The options list, however, will not. You get, as standard, ABS, BAS, DBC, EPB, ESP, ESS, HAC, TSA and VSM. This thing has more abbreviations than the British Army. And more airbags — seven, to be precise. In fact, it’s hard to think of anything you’d get on a Volvo XC90 or a Land Rover Discovery that you don’t get on the Santa Fe. Apart from a sense of style, wellbeing and oneness with yourself.
That said, the Hyundai’s not a bad looker and it drives pretty well too. Again, the people who set up the suspension were plainly dancing to a tune conducted by the company’s accounts department, so they haven’t gone the extra mile. Or even the extra inch. It’s not a rewarding car to drive in any way, but it goes round most corners at most speeds without crashing.
Can it go off road? Yes, but not very far. With a part-time four-wheel-drive system, it’ll get your caravan into a field. But it probably won’t get it out again. Which is a good thing for the rest of us.
And so, as we approach the end, I have to start thinking about a conclusion. It’s tricky. Because the petrol in my veins dislikes cars of this type in the way that a restaurant critic would dislike a McDonald’s Filet-o-Fish.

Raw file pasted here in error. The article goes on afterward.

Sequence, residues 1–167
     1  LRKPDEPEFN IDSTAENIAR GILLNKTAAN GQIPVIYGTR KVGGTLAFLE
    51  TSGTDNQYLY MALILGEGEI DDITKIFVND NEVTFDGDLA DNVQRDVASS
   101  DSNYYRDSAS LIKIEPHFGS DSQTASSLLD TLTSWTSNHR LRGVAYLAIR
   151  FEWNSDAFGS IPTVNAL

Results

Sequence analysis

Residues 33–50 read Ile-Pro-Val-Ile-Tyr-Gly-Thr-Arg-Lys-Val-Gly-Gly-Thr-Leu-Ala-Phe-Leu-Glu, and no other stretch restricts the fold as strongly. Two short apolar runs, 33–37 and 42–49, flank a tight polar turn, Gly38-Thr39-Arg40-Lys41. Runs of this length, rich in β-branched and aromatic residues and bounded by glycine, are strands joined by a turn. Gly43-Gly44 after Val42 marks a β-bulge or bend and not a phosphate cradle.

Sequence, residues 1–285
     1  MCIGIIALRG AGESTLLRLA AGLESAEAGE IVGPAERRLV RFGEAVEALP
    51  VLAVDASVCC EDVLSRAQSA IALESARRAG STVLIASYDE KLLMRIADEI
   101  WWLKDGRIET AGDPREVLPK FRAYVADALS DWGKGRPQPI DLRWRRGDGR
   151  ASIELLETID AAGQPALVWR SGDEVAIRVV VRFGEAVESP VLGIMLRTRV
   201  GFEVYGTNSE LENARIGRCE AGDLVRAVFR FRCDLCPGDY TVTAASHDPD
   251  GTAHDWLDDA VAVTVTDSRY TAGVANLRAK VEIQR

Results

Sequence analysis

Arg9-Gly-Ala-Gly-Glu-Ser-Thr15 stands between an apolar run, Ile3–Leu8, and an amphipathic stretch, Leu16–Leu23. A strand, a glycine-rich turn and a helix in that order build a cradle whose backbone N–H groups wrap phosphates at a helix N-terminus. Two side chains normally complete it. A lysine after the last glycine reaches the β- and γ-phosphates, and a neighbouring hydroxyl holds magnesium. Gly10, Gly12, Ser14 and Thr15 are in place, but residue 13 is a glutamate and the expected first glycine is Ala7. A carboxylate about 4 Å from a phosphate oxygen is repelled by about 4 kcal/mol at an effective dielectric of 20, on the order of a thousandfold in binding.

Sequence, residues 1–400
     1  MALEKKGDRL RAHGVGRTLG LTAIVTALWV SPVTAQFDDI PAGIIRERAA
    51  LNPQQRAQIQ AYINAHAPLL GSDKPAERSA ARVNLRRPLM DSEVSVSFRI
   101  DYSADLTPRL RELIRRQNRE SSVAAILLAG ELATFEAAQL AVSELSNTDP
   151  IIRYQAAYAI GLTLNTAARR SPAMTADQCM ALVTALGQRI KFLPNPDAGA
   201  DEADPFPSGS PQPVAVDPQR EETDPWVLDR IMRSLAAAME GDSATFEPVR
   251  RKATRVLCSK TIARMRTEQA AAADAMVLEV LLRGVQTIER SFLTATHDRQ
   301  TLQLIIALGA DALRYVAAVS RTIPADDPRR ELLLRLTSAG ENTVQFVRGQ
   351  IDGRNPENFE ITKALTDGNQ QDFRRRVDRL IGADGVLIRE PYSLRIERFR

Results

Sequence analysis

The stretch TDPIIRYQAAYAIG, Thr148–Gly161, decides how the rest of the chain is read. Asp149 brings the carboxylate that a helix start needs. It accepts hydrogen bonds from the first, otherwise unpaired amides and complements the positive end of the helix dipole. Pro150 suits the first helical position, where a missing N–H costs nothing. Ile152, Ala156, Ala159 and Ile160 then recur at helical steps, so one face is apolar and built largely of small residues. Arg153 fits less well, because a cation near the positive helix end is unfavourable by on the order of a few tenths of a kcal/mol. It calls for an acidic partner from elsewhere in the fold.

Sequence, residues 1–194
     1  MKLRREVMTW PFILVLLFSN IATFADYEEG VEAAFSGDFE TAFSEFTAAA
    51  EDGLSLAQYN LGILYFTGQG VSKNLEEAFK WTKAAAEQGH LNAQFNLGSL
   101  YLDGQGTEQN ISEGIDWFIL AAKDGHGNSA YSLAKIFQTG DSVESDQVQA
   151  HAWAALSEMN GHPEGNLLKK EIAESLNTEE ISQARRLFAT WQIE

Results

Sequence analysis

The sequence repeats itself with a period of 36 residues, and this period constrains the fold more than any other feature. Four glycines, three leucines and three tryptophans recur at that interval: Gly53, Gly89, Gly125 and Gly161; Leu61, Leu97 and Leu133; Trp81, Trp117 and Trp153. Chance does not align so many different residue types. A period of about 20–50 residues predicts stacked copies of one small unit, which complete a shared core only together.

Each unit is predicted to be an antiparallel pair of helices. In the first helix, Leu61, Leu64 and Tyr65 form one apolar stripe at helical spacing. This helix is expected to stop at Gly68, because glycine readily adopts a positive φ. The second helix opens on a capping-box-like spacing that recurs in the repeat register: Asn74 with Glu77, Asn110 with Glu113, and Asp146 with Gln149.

However, in the real world where people live, where a quail’s egg’s a bit daft, the Filet-o-Fish is very popular. And there’s my problem. In the real world the Santa Fe is cheap, it doesn’t drink a lot of diesel, it’s well equipped, it’s good-looking and the 2.2-litre engine is torquey enough to pull your caravan. Even if it’s a Sterling Europa 565. So who cares if the seats are a bit plasticky?
It’s not a car for the silly world in which I live. But elsewhere it’s bloody brilliant.
It’s a load-lugger that’s not from la-la-land.
- 2199cc, 4 cylinders
- 194bhp @ 3800rpm
- 311 lb ft @ 1800rpm
- 6-speed manual
- 0-62mph: 9.8 sec
- Top Speed:
- 46.3mpg (combined)
- Road Tax Band:
- G (£170 for the first year)
- L 4689mm, W 1880mm, H 1679mm